The John Heinz National Wildlife Refuge at Tinicum is a 1000-acre (4.05 km2) National Wildlife Refuge spanning Philadelphia and Delaware counties in Pennsylvania. Located in Tinicum Township, the refuge is adjacent to the Philadelphia International Airport. Established in 1972 as the Tinicum National Environmental Center, it was renamed in 1991 after the late H. John Heinz III who had helped preserve Tinicum Marsh.

The refuge serves to protect the largest remaining freshwater tidal marsh in Pennsylvania; approximately 350 acres (0.8 km2). When land acquisition is complete, the refuge will consist of 1200 acres (4.9 km2) of varied habitats.

Kenilworth Park and Aquatic Gardens

Kenilworth Park & Aquatic Gardens is a National Park Service site located in the north eastern corner of Washington, D.C., and the Maryland state border. Nestled near the banks of the Anacostia River and directly west of the Baltimore–Washington Parkway, Kenilworth Park & Aquatic Gardens preserves a plethora of rare waterlilies and lotuses in the cultivated ponds near the river. The park also contains the Kenilworth Marsh, the only remaining tidal marsh in Washington, D.C. and an adjacent recreational area.

Marina Green

The Marina Green in San Francisco, California, is a 74-acre (300,000 m2) expanse of grass between Fort Mason and the Presidio. It is adjacent to San Francisco Bay, and this location provides good views of the Golden Gate Bridge, Angel Island, Alcatraz Island, and parts of Marin County. Houses built mostly in the 1920s and 1930s line Marina Boulevard, the southern boundary of the Marina Green. Many of these houses have large bay windows, and Herb Caen, the late San Francisco newspaper columnist, often made references to the immaculate furnishings behind these windows. In the past, a railroad track along the southern edge of the Marina Green allowed the San Francisco Belt Railroad to serve the Presidio. Adjacent to the Marina Green is a marina, home to the St. Francis Yacht Club and the Golden Gate Yacht Club. The San Francisco Bay Trail runs through the green.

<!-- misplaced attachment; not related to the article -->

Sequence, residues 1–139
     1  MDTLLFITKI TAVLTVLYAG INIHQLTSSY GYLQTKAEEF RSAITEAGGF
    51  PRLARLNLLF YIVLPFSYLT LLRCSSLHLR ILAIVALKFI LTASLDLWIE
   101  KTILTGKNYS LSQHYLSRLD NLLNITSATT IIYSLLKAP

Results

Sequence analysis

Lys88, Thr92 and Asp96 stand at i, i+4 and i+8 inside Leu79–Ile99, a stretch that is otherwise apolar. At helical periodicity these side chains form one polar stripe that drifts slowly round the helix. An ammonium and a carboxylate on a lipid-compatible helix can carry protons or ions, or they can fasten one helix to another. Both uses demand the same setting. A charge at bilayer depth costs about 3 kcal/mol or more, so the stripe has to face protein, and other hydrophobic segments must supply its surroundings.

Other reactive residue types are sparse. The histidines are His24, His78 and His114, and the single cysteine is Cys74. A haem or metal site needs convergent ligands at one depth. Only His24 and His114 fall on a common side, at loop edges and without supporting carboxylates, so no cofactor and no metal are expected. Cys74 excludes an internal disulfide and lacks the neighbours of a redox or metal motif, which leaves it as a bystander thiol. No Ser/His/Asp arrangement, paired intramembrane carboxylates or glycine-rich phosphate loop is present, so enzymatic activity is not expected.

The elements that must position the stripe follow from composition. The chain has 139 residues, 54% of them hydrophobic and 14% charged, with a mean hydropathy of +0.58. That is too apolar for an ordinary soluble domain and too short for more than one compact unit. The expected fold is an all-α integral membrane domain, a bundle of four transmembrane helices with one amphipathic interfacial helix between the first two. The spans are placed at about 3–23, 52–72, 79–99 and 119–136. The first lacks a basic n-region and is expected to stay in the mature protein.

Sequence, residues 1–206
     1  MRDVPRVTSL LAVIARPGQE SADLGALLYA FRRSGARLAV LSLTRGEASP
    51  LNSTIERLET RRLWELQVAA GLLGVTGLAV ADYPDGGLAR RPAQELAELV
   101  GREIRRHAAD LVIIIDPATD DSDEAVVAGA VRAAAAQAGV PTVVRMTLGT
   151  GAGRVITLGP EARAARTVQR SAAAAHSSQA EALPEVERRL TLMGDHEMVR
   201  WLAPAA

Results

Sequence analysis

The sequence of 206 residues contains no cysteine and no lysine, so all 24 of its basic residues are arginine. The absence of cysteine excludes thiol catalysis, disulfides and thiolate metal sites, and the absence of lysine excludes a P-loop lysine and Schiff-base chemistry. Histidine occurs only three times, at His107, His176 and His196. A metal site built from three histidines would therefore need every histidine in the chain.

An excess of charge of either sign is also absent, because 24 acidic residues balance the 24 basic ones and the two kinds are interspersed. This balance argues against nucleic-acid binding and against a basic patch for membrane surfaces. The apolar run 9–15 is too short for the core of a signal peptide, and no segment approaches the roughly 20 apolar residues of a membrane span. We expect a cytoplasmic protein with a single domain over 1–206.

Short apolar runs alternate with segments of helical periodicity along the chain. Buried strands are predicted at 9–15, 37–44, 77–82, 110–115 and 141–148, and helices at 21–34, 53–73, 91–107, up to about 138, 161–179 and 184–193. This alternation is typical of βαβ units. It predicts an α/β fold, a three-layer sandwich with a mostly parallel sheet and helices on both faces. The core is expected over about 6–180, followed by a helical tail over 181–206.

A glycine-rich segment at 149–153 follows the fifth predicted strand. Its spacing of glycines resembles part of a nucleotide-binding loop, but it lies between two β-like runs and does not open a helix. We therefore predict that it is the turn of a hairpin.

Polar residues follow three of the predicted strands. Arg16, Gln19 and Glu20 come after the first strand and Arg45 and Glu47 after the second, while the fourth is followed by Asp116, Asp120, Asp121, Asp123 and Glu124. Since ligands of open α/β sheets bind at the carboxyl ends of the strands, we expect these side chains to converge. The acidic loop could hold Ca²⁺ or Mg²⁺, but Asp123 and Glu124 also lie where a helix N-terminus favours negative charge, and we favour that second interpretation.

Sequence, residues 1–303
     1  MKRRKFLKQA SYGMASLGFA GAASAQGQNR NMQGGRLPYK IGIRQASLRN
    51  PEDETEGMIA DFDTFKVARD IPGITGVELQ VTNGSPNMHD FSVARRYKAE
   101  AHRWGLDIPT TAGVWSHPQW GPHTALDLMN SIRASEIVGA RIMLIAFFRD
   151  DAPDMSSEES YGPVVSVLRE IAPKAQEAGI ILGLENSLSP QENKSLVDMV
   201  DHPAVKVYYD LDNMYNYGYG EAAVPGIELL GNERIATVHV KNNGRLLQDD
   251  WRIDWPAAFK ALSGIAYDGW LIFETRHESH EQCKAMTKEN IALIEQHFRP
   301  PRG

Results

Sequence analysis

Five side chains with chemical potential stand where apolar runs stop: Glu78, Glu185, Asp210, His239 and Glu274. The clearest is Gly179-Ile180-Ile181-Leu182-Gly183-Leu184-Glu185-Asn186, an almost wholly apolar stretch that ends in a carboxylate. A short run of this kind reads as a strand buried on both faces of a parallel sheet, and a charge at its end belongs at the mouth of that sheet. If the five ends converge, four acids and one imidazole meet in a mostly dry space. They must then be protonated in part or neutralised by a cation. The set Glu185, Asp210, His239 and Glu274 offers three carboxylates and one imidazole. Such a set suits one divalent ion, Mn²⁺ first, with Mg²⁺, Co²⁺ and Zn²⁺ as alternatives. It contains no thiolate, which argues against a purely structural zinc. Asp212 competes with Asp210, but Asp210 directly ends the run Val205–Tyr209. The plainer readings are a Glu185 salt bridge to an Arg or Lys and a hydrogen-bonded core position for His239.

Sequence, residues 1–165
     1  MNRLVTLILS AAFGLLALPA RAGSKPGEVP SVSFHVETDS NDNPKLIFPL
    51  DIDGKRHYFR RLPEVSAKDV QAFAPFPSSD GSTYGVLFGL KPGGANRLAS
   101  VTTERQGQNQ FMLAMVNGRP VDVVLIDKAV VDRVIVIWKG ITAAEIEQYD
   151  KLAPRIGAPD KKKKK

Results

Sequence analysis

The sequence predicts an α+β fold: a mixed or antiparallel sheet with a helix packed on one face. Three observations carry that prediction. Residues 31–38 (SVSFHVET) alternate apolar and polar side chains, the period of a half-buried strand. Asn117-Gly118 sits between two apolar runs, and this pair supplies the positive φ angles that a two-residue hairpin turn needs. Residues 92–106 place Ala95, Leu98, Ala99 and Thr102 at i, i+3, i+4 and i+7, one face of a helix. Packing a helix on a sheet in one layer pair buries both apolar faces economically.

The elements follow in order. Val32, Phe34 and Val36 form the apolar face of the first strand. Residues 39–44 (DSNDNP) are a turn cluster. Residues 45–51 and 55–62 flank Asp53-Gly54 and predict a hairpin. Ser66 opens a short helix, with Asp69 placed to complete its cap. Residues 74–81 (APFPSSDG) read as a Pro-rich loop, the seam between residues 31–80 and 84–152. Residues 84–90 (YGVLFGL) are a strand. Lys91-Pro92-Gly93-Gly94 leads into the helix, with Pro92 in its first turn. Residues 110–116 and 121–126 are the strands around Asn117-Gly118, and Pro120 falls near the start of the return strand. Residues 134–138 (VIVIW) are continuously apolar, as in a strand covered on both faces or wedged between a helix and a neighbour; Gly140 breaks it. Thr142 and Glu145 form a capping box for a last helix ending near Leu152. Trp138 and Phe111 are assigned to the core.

Prior to the 1906 earthquake, this area was a tidal marsh. After the earthquake, much of the resulting rubble was dumped here. Later, to provide land for the 1915 Panama-Pacific International Exposition, this site and the adjacent neighborhood (now the present day Marina District) was filled in. A nearby remnant of the Exposition is the restored Palace of Fine Arts.

For a short time beginning September 9, 1920 through 1944, Marina Green served as Montgomery Airfield named in honor of pioneer aviator John J. Montgomery and also as Marina Airfield and was the first terminus of the United States Post Office Department Transcontinental Air Mail Service coast to coast air mail route.

The Marina Green also served as the location for the first flights of the Hiller XH-44 helicopter, the first coaxial helicopter to fly in America, an aircraft currently in the collection of the Smithsonian Institution.The San Francisco Parks and Recreation Department currently administers the Marina Green.

Neabsco Creek